The art world is in general solipsistic, not concerned with collaboration and exchange. There lives the culture of the individualistic genius. In Media arts you have to be collaborative and you have to exchange – so the “culture” in both domains are different. Media art is closer to science in that respect.
And the last thing I thought of : The art world needs sellable objects, which either we don’t make, or can’t guarantee to stay “alive”. There is certainly more to say about this. Curators and exhibition makers also played a big role by till, maybe until recently, putting together works based on technological and media criteria and not or hardly ever by treating a subject while using media and traditional art in one show. Moreover on festivals works used to be presented in dark, small, often ugly spaces. There was little attention for showing the aesthetic qualities at it’s best.
MG: If you feel and or think it has changed for the better – how and why, and to what degree?
GL: I think media art over the last decades has made HUGE contributions to the broader arts community. A lot of the politically and socially engaged art that we are seeing today across all mediums has been, I think, inspired to some degree by media arts practices that have demonstrated how art can be more participatory, egalitarian, and directly engaged in social justice movements.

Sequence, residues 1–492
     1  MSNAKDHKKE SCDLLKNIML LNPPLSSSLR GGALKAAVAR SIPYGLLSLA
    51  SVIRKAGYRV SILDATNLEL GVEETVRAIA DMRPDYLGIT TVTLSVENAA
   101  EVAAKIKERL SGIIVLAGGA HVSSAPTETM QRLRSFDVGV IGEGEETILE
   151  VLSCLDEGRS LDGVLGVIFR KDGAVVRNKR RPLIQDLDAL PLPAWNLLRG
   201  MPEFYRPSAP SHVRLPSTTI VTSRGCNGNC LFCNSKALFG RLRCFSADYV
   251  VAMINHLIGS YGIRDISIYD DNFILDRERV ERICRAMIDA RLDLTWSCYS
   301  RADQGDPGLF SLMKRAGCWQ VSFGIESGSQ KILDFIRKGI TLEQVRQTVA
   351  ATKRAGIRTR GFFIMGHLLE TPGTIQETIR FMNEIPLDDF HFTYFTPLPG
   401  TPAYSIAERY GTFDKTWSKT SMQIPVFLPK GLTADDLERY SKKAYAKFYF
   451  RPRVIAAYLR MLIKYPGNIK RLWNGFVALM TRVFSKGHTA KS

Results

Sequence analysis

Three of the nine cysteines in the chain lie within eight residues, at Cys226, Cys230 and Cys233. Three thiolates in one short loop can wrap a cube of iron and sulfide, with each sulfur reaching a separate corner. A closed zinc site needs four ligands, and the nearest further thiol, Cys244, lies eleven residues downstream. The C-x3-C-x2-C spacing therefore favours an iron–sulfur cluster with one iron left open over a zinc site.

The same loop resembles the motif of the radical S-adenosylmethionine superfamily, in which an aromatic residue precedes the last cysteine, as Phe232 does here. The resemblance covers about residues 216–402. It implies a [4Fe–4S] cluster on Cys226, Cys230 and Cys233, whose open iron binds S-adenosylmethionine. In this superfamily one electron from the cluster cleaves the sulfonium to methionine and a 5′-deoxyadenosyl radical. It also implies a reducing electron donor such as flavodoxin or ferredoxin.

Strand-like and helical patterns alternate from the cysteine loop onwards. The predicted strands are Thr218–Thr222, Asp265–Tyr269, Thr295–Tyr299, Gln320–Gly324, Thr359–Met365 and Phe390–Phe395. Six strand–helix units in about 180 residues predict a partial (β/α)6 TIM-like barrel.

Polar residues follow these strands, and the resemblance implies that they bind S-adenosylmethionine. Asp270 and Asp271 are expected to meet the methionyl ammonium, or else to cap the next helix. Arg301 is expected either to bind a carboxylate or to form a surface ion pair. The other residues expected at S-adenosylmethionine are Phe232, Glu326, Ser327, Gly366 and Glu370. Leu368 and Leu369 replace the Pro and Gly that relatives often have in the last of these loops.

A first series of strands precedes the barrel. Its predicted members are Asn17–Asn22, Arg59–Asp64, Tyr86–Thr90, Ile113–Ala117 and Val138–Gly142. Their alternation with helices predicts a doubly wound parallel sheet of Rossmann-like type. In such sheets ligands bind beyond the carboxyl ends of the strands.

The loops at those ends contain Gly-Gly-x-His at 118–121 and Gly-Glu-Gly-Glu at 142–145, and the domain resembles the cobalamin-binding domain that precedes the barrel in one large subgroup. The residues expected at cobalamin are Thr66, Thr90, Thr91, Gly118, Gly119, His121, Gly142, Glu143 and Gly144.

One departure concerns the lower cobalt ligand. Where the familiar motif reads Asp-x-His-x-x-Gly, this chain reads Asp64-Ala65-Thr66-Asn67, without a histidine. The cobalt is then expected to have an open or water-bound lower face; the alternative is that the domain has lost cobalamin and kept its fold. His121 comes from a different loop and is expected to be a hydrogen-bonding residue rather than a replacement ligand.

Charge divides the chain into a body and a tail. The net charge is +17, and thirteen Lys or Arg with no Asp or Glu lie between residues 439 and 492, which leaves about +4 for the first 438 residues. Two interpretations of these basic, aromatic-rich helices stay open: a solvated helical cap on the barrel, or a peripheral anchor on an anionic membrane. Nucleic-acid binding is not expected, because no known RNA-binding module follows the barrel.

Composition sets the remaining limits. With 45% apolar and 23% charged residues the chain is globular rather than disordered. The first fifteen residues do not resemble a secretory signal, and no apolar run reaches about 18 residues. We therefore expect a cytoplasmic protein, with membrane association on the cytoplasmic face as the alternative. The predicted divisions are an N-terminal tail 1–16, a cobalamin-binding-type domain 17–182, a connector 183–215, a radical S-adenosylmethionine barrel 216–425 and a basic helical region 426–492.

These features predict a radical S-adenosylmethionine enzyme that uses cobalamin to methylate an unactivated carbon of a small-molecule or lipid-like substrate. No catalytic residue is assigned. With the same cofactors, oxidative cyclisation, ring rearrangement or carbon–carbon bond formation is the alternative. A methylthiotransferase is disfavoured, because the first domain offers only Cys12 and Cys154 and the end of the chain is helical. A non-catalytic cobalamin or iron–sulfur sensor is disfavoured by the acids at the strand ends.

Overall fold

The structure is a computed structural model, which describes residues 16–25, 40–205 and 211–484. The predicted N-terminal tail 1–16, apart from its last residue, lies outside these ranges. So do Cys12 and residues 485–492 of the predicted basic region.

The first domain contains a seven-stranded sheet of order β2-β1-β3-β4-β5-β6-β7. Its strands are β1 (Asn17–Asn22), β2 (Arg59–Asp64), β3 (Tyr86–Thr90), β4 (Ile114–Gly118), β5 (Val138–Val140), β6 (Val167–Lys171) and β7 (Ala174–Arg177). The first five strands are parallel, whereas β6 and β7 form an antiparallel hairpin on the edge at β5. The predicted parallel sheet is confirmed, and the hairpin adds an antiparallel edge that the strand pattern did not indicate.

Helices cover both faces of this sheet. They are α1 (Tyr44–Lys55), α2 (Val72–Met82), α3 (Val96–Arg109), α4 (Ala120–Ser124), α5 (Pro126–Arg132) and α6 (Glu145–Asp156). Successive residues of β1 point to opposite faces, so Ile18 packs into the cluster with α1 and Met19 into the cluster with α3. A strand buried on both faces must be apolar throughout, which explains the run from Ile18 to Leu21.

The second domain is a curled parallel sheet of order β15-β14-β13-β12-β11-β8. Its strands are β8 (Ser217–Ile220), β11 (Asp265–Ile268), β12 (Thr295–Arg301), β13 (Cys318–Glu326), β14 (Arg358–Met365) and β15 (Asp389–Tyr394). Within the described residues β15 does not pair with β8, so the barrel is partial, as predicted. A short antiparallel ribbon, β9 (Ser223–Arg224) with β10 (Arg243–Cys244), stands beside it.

That being said, I am also seeing more of a movement towards a commercialisation and coopting of media art practices by the existing corporate and capitalist interests. This is the imperviousness of the capitalist system; it seemingly always finds a way to coopt resistance into the system (for example the way that organic food movements are now used by massive, anti-environmental companies like McDonalds to sell more product; buy an organic burger and a salad from Maccas!). I am personally losing some faith in the use of digital tech as a medium through which to critique the progress-over-everything neo-liberal narrative of capital-T Tech.
AR: I do not think it is changed for the better. In my view, Media Arts is trying to gain more relevance by mimicking traditional systems. For example, media arts biennales, prizes and rankings, using technology to create false scarcity. It does mean we, as media artists, are gaining more acceptance into the traditional systems, but these systems are flawed from the outset, so it’s not necessarily a winning situation.